Due to the wet weather, you may have to make the decision to postpone your spring renovations until recovery gets underway again and in the meantime perform the following:
You should be mowing more frequently by now up to two to three times a week, although this will depend on the club's budget and level of play. Keep decreasing the height of cut until you get to the optimum height for the level of play requried. This will usually be between four and five mm.
Resist the temptation to cut any lower even if members complain that the greens are too slow because cutting below 3.5mm will put the sward under stress, and take away vital leaf that the plant needs to manufacture energy for growth.
Brushing and switching keeps the green clean and gets rid of any dew or surface water. The spread of disease will also be restricted by keeping the surface dry.
Aeration keeps improving the surface and subsurface drainage capacity of the green as well as increasing gaseous exchanges in the soil. Remember to use aeration equipment that is designed for the task and try not to disturb the surface too much before the playing season begins.
If you feel there is any damage that you may smear or damage the surface, then don't aerate. Once again, the budget and condition of the green may dictate your aeration programme.
Verticut every two weeks to help thin the sward, remove weak grasses, help the sward stand up and it encourages tilling.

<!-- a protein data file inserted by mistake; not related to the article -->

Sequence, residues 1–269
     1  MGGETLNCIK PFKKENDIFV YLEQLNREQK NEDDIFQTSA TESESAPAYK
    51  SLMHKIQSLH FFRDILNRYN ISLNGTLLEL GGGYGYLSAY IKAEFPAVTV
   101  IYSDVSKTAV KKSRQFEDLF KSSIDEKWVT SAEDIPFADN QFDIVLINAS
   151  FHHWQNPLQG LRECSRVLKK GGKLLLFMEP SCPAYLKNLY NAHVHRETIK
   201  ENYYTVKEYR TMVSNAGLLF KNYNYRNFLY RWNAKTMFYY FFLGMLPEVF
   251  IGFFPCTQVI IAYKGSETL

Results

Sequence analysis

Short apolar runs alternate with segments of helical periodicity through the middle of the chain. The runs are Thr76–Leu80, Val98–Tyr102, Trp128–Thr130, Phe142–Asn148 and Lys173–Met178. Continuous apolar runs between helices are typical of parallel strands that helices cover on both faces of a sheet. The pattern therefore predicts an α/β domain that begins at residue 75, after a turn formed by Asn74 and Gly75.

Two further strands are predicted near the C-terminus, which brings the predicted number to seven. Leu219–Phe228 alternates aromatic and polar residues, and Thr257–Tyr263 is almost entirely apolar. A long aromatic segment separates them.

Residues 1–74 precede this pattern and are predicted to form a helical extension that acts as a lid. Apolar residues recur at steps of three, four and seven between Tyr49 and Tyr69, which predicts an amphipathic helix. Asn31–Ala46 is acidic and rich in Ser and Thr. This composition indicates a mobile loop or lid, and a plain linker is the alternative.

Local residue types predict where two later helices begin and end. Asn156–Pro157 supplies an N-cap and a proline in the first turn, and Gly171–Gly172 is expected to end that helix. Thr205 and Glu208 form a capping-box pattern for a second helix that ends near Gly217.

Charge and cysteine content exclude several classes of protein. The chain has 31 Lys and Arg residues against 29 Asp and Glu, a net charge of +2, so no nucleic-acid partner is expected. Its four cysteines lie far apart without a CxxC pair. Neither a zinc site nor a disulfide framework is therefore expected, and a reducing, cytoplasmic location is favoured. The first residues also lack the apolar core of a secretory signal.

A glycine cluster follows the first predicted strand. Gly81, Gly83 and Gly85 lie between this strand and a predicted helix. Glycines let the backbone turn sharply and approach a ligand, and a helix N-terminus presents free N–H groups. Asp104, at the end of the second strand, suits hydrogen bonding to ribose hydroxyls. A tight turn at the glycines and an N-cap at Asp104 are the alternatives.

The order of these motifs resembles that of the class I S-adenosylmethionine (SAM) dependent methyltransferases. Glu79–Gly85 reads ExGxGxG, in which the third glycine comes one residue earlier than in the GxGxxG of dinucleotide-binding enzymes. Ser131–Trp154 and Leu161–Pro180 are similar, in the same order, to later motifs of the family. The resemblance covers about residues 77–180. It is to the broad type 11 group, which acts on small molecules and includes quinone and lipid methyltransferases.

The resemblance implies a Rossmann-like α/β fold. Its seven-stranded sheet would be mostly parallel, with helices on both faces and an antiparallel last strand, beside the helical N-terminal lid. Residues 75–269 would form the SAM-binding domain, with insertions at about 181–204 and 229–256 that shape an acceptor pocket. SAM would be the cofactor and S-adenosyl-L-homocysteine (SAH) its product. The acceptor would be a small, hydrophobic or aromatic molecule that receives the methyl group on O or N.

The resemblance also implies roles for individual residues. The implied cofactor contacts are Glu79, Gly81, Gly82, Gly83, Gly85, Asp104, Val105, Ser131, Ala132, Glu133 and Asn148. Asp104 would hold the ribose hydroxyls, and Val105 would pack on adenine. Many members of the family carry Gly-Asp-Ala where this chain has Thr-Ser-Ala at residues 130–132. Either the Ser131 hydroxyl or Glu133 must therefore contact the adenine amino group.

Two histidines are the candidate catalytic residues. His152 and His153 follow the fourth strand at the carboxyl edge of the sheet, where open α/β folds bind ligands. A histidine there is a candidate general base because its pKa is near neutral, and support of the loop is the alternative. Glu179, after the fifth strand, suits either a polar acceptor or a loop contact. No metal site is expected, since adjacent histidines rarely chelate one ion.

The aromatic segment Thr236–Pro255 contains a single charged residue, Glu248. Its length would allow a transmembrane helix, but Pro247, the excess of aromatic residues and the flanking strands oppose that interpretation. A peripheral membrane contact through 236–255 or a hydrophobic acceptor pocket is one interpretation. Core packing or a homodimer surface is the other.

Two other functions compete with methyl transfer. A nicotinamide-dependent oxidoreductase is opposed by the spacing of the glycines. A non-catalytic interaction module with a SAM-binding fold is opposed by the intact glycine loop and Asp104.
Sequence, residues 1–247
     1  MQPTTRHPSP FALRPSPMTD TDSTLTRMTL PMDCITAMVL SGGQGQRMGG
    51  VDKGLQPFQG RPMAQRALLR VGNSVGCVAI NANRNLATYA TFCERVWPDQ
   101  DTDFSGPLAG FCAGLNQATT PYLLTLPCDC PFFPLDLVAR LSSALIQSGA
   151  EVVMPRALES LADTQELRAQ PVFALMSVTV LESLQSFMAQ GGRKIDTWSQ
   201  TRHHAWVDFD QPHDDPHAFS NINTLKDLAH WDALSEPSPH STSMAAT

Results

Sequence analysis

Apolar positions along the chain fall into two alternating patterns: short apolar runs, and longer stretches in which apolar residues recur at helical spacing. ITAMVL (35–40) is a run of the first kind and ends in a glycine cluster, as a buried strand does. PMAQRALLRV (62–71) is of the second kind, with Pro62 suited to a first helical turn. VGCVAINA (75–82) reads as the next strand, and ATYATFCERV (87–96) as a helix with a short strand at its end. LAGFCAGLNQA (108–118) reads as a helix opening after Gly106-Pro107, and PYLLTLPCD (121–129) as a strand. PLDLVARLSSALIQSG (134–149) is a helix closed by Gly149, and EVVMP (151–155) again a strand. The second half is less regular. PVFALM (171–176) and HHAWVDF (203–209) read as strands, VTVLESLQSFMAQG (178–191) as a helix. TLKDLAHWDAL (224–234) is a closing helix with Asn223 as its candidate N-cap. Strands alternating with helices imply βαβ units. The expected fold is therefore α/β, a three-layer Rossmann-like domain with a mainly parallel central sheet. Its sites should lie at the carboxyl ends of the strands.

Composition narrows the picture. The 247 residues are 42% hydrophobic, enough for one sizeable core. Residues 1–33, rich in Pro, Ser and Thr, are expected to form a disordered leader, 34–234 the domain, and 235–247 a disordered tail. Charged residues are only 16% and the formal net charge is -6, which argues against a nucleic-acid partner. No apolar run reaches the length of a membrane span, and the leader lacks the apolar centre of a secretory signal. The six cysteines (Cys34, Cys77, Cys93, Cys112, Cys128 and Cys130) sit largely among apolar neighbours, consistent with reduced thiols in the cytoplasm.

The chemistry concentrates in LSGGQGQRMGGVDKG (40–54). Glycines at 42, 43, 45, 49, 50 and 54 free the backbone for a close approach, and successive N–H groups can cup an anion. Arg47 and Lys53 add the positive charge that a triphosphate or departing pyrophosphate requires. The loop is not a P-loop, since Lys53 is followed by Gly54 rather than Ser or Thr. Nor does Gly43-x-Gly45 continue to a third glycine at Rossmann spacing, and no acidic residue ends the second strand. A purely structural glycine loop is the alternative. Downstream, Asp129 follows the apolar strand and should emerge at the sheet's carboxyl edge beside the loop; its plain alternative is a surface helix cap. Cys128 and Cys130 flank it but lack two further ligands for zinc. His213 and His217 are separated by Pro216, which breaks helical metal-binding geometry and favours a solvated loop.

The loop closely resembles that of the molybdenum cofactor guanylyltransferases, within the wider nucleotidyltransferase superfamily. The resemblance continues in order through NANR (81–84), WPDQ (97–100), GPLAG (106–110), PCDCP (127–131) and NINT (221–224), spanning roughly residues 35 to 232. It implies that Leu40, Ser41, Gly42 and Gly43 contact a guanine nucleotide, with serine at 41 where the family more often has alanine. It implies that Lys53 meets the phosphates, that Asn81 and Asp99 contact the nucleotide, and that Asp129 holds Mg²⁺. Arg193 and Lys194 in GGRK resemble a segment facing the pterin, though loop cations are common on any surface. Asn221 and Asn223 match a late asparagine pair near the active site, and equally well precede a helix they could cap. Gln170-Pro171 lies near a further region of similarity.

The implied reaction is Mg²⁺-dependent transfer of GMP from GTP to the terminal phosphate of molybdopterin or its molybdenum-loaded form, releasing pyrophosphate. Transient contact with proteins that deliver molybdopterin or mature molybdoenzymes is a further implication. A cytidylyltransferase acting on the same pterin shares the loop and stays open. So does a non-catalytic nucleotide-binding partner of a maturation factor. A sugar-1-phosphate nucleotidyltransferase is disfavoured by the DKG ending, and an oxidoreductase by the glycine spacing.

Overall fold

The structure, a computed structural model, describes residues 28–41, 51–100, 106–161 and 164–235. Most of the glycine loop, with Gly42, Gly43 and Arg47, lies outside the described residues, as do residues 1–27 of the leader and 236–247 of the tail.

Fertilising is also important. Hopefully you have conducted a soil analysis of your soil profile so you know the nutrient status of your green. This analysis can assist you when purchasing and applying fertiliser products. Make sure you follow instructions carefully and apply at recommended rates, not overdosing the green or overlapping. The good news is that there are plenty of spring fertiliser products available to meet your requirements.
Particle Size Distribution (PSD): This is the right time to get your soil analysed. Measure for soil pH, nutrient levels and organic matter content - all good indicators of soil condition. If you haven't done one before, get a full PSD soil analysis done as this will let you know the precise make-up of your soil profile.
All soil is made up of percentages of clay, sand and silt. The PSD analysis will confirm the ratios of these in your soil to give you a better understanding of what you are working with.
These tests also give you an opportunity to check other physical aspects of the green, including root depth, compaction levels and what aerobic state the soil is in.
Fertiliser: Most groundstaff will now be applying a spring/summer NPK fertiliser like a 9:7:7 which will get the grass growing in April. Towards the end of the month, or maybe early May, it will be time to apply a slow release fertiliser to see you through until June or even July.
The choice of feed and its effectivenness depends on a number of factors including soil type, weather, and remember that moisture and air temperature are the catalysts for growth.
Weeds, pest and disease
As it has been very wet recently, there may be problems with moss and algae build-up. Keep an eye out for any attacks of fungal disease and use approved fungicides to treat. You may come across the following diseases:
Be aware that some of the damage that insects and pests cause are similar to those caused by diseases, so make sure to correctly diagnose the problem before treating or resolving it.
Common pests are:
Your mower should be serviced and sharpened ready for the new season. Remember to keep machines overhauled and clean and also inspect irrigation equipment in case there are any leaks.